Reframing the Agents of the Islamic Republic

From the Series: Book Forum: Iran Reframed

Iran Reframed cover design by Kevin Barrett Kane.

Since the 1979 Islamic Revolution, Iran has occupied the popular imagination of Americans and many others in films, news, and other media that portray it as a foreboding place of religious zealots and militants. From the Iran Hostage Crisis to the extrajudicial assassinations of Iranian government officials, Hollywood and the mainstream news media frame Iran in line with the dominant Western perceptions and archetypal alignment of the forces of good (the U.S. military) versus the bad (Islamic extremists and terrorists) (Shaheen 2003). This simplistic and dangerous narrative is conjured primarily by neoconservative war hawks, who hail from the overlapping halls of politics, think tanks, and media, in the hopes of instigating and waging a new war; thus adding Iran to the long roster of MENASA (Middle East, North Africa, and South Asia) countries that the United States is at war with in some form.

The promise of ethnography (in-depth on the ground research with people) is that at its best, it will naturally present a view that is different from the top. Add to that mix anthropologists, who already have cultural fluency and connections to their fieldwork sites, and the views become even more multidimensional, what Faye Ginsburg calls the parallax effect (1995). Using the power of ethnography in her book Iran Reframed: Anxieties of Power in the Islamic Republic, Narges Bajoghli masterfully disrupts the hegemonic discourse that has fueled the United States’ decades-long aggressive foreign policy on Iran, including biopolitical violence and the violence of economic sanctions (Shakhsari 2020).

Bajoghli builds on the relationships and contacts she made working with Iran’s chemical warfare survivors, while making her film A Skin that Burns. ln Iran Reframed, which won the 2020 Margaret Mead Award from the American Anthropological Association and the Society for Applied Anthropology, she takes a unique creative non-fiction storytelling approach that foregrounds the lives and work of her Iranian interlocutors, the very state emissaries that have been the source of Western fear and propaganda.

Bajoghli takes this approach a step further by weaving academic theoretical work into the storytelling. What we see develop is a nuanced, complex, and accurate view of Iran and its people. Because she has built deeply resonant ethnographic relationships with her research subjects, including the agents of the state such as Iran’s Revolutionary Guard, Ansar Hezbollah, and the Basij, we can glimpse into the contradictions and conflicts that these men struggle with internally and externally. She humanizes a misunderstood and misrepresented segment of the Iranian population without becoming an apologist for them or the Islamic Republic.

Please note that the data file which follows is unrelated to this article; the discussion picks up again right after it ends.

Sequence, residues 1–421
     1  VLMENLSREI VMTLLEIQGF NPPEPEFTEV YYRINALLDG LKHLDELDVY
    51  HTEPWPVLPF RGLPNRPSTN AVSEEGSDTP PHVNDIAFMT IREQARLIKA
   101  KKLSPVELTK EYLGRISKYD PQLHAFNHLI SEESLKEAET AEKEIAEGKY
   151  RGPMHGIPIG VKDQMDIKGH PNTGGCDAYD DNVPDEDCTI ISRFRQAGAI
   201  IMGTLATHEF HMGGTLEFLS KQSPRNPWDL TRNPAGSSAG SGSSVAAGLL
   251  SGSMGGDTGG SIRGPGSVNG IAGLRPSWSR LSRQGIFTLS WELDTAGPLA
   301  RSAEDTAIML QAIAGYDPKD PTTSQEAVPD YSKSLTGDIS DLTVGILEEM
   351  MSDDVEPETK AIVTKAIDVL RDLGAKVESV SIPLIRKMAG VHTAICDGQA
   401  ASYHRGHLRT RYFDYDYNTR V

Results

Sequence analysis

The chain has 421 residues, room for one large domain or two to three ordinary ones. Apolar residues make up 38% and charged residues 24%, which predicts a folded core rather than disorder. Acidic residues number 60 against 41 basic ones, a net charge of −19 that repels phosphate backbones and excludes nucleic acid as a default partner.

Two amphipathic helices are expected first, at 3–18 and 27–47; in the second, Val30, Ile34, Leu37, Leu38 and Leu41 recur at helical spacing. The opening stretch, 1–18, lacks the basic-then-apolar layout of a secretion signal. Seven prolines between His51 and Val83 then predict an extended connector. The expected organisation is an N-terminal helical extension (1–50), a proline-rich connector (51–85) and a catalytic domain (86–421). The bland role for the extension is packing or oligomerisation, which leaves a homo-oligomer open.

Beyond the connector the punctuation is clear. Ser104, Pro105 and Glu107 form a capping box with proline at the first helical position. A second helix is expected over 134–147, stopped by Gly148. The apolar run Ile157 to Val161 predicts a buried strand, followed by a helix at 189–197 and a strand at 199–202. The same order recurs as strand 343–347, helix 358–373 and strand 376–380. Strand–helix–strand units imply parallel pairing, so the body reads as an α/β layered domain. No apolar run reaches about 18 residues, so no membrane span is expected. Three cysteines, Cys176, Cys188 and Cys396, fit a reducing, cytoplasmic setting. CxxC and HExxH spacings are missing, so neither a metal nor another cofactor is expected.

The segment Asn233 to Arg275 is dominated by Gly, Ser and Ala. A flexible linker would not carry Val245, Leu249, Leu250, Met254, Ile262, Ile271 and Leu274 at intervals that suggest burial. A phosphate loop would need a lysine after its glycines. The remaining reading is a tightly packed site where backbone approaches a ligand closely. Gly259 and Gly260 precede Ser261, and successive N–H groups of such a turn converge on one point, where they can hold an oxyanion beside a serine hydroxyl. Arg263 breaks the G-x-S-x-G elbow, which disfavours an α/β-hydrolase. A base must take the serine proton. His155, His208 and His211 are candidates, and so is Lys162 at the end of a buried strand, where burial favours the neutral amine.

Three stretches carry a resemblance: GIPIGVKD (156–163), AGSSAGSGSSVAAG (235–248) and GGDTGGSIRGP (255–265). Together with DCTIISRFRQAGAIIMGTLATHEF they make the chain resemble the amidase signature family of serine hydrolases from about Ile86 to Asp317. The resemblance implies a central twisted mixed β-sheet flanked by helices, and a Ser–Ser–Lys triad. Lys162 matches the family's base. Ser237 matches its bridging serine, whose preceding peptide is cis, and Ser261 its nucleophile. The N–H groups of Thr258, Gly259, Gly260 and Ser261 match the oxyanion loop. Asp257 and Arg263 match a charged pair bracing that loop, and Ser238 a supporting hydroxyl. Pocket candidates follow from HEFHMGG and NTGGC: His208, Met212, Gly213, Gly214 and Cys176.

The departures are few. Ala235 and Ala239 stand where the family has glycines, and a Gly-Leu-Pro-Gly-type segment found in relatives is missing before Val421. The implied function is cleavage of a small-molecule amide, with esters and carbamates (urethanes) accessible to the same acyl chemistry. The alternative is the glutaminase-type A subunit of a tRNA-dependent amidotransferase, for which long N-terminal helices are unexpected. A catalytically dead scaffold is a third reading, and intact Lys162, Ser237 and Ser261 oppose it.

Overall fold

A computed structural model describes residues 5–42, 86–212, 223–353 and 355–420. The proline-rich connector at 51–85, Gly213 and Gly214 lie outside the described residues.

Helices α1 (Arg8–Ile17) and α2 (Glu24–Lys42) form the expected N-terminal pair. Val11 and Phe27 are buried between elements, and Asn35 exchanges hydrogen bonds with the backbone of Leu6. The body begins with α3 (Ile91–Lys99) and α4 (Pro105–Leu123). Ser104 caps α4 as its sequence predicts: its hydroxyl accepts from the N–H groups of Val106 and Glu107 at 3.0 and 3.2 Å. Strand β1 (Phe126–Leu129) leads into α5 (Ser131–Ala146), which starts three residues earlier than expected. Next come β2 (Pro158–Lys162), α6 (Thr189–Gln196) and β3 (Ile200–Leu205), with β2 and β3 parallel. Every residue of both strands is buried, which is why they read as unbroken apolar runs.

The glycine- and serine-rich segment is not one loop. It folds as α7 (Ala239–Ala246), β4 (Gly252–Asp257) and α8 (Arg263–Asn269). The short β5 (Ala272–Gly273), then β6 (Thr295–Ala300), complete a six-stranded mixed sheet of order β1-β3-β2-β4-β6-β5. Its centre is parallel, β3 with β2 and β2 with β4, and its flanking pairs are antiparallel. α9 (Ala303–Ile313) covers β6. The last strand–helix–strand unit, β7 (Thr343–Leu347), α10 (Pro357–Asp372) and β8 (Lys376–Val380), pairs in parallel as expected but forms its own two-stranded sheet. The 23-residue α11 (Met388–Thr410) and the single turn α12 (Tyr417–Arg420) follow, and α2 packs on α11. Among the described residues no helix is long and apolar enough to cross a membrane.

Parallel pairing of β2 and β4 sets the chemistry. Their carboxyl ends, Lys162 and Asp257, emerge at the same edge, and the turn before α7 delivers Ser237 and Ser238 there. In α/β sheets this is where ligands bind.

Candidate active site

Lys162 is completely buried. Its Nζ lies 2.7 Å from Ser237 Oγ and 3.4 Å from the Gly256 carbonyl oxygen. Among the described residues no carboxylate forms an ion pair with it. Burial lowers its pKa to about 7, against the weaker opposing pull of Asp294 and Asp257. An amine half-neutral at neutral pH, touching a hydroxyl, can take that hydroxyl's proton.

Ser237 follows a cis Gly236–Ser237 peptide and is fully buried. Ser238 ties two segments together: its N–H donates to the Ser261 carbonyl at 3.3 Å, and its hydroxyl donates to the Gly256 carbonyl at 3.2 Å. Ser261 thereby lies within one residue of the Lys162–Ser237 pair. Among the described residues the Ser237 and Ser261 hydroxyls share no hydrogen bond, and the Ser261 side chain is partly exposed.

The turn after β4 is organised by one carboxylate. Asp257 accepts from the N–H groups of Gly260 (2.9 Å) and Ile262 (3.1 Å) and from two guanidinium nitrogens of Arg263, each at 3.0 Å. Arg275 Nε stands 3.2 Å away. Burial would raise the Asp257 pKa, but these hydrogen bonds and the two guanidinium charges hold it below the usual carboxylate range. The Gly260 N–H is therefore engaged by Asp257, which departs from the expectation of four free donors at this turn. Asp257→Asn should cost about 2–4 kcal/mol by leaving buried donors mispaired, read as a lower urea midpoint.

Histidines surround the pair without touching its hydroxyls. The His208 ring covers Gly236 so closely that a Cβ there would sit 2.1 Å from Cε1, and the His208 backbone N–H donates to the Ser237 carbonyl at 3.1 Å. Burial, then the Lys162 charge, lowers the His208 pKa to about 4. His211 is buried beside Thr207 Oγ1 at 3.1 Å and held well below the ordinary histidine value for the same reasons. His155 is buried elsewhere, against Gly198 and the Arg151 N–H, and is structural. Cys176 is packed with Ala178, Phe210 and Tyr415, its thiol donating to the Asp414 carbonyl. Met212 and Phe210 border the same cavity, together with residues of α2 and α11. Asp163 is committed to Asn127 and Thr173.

It is important to underscore that the fieldwork Bajoghli undertook was particularly intrepid. Due to the sanctions, the U.S. State Department would not let her go to Iran for a year, which she was able to negotiate with the support of her mentors at NYU. Furthermore, gaining access to Iranian government officials and volunteers was no easy feat. The fact that they accepted her presence as a researcher is a real testimony to her extraordinary skills as an ethnographer. Thus, it is not surprising that we had virtually nothing of this quality before—for the first time, this work gives us a sense of the essential ethnographic everyday of key players in post-revolutionary Iran.

In particular, Bajoghli focuses on the Basij representational practices, looking at media producers across different types of production and venues, such as filmmakers and museum curators. Through her interviews and deep descriptions, the motivations, practices, and anxieties of the media producers come to light. For example, we see the precarious position these simultaneously committed and disenchanted state emissaries occupy, and how they find distribution work-arounds in order to get their counterstories and narratives into the hands of people who might otherwise dismiss their work by obscuring their origins or spinning it for statist purposes.

In-depth ethnographic studies naturally unsettle imperialism and disrupt hegemonic narratives, including those that drum up war. In my own ethnographic research in Afghanistan with media producers and human rights activists, I have been driven by a similar imperative to present, as accurately as possible, the complexities of the lives of my interlocutors, their motivations, fears, and desires. Beyond the news headlines and cross-national government hostilities, there are many Afghans and Iranians across all sectors of society who risk their lives everyday to lay the foundations for democracy, self-determination, and peace. Afghans have experienced over forty years of death and destruction. With brilliant ethnographic work like Iran Reframed, there is hope that Iranians and their rich cultural institutions will not be subjected to the same.


Ginsburg, Faye. 1995. "The Parallax Effect: The Impact of Aboriginal Media on Ethnographic Film." Visual Anthropology Review 11, no. 2: 64–76.

Shaheen, Jack G. 2003. "Reel Bad Arabs: How Hollywood Vilifies a People." The Annals of the American Academy of Political and Social Science 588, no. 1: 171–193.

Shakhsari, Sima. 2020. Politics of Rightful Killing: Civil Society, Gender, and Sexuality in Weblogistan. Durham, NC.: Duke University Press.